November 21, 2016

London's Oxford Street

After spending a quiet week in England’s West Country, the hustle and bustle of London came as a bit of a shock. Our home for the next ten days would be The Cumberland Hotel, conveniently located at Marble Arch on the doorstep of Oxford Street, the busiest shopping street in Europe. We checked into the hotel, brought our luggage to our room and then set out to explore the neighbourhood. At the top of my list was Selfridges department store.


Marble Arch, London

Many of the big name retailers are here like Marks & Spencer, John Lewis and Top Shop but the star of Oxford Street is Selfridge & Co. (Only Harrods in Knightsbridge is larger.)


Selfridges on Oxford Street







As a fan of the Mr. Selfridge TV series, I couldn’t wait to walk through the doors of the high end department store founded by Harry Gordon Selfridge. The innovative American businessman revolutionized shopping by displaying merchandise where customers could examine it and was the first to locate perfume and cosmetics on the main floor. The Selfridge chain is now a holding of the Canadian Weston family.



Selfridges Oxford Street Entrance





Little of the original store remains except for the bronze statue, The Queen of Time, which stands above the Oxford Street entrance and a small exhibit of Selfridge memorabilia on the fourth floor.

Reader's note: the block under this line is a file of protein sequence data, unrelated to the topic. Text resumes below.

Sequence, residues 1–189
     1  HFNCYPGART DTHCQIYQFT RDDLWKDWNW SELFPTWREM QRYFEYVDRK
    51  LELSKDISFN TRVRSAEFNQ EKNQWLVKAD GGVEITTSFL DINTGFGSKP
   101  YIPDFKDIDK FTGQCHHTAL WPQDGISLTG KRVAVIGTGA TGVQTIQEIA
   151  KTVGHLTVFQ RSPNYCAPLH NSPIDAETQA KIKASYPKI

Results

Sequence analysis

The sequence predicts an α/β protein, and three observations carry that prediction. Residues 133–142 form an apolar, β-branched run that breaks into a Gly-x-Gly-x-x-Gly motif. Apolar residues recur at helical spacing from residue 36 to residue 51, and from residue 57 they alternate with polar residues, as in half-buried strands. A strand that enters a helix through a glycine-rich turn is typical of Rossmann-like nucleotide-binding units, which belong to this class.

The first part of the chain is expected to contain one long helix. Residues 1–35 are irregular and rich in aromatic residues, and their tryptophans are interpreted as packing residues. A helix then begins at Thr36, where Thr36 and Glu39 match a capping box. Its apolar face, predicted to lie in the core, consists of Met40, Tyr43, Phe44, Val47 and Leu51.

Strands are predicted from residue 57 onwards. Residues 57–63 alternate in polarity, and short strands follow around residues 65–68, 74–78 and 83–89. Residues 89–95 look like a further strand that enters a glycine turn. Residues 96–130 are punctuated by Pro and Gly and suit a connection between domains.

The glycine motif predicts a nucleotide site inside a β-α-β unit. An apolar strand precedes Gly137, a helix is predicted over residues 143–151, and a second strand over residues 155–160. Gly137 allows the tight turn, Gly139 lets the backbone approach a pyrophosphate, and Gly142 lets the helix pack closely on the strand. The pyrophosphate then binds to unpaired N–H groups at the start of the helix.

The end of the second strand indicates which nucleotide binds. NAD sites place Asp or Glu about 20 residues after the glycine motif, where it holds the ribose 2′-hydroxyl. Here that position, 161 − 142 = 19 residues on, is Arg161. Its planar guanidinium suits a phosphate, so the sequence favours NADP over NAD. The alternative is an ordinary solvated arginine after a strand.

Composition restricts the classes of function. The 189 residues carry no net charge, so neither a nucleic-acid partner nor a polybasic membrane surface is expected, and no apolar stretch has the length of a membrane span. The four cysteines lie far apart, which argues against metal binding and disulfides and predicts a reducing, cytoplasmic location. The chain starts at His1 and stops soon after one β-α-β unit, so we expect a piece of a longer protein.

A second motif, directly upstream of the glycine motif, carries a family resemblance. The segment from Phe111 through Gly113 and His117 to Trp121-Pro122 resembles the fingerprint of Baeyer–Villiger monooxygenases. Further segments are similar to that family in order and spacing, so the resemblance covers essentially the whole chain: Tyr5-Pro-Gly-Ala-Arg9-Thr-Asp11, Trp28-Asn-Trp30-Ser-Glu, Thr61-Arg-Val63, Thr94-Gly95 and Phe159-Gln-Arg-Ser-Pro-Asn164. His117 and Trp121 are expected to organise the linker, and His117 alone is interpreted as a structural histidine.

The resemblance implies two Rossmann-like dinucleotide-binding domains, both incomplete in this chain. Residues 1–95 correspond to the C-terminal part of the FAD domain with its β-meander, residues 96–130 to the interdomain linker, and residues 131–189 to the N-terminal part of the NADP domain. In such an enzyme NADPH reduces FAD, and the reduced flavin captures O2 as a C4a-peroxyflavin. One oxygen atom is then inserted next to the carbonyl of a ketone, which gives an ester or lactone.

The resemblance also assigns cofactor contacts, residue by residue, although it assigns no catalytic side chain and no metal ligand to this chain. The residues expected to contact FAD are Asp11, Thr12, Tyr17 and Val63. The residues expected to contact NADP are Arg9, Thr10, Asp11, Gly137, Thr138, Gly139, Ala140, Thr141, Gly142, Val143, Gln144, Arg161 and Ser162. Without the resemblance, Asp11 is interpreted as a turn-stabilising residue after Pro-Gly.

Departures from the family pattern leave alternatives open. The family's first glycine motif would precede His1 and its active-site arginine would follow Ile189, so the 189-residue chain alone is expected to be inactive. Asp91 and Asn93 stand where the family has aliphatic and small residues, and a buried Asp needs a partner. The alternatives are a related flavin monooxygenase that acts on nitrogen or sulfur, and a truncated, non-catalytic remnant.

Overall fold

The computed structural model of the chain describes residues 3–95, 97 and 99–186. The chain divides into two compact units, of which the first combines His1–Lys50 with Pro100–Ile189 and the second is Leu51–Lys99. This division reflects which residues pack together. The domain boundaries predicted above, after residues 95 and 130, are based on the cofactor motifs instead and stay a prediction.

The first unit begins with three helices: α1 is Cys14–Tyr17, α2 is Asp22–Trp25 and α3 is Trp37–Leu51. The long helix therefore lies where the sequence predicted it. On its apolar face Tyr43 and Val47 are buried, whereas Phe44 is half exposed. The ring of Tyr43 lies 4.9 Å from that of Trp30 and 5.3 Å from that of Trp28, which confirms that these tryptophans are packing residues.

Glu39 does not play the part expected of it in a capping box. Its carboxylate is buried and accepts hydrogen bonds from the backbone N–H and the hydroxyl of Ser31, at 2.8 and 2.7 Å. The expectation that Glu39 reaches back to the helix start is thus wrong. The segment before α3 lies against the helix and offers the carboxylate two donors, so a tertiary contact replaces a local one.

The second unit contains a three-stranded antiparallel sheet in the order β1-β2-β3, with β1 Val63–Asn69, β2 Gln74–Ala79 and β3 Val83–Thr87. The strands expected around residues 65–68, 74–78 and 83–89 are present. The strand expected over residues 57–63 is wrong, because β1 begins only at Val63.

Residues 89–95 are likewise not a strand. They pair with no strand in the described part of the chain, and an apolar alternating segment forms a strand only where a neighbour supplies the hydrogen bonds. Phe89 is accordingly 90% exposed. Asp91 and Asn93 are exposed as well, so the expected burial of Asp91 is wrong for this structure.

Queen of Time, by Gilbert Bayes

Harry Gordon Selfridge

Selfridges Team Member Top Hat

Mr. Selfridge's Inkpot

Roof Garden Advertisement (1915)

Forest on the Roof (2016)

Entrance to Forest on the Roof


The store's bronze art deco lift is now on display at the Museum of London.



Selfridges Lift (1928), Museum of London

Lift Car Interior

Lift Doors


The luxury goods at Selfridges were out of my price range but I could afford a sandwich and a bag of crisps from the food hall. We also bought fresh strawberries and a bottle of wine at the Marks and Spencer flagship store across the street. We then returned to our hotel room with our purchases and my friend cried out, “Our luggage. It’s gone!”






I made a frantic call to the front desk.

Ten minutes later there was a knock at our door. I looked through the peep hole and saw a cart loaded with our luggage (which had been moved to another room in error). I’ve never been so happy to see my bags!

My Tip for the Day:
Quick and inexpensive meals-to-go (including wine) can be purchased in department store food halls.


4 comments:

  1. A few years ago I arrived in Munich and my luggage never made it to my room. After a few agonizing hours, the hotel realized that they had somehow booked me into two rooms and the luggage went to one room while I was given a key for the other. Disaster avoided.

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    Replies
    1. Isn't that an awful feeling? I'm so glad that you too had a happy ending.

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  2. My grandfather, as a young trainee architect drew some of the designs on the doorways of Selfridges.

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  3. How wonderful to play a part in such an interesting company.

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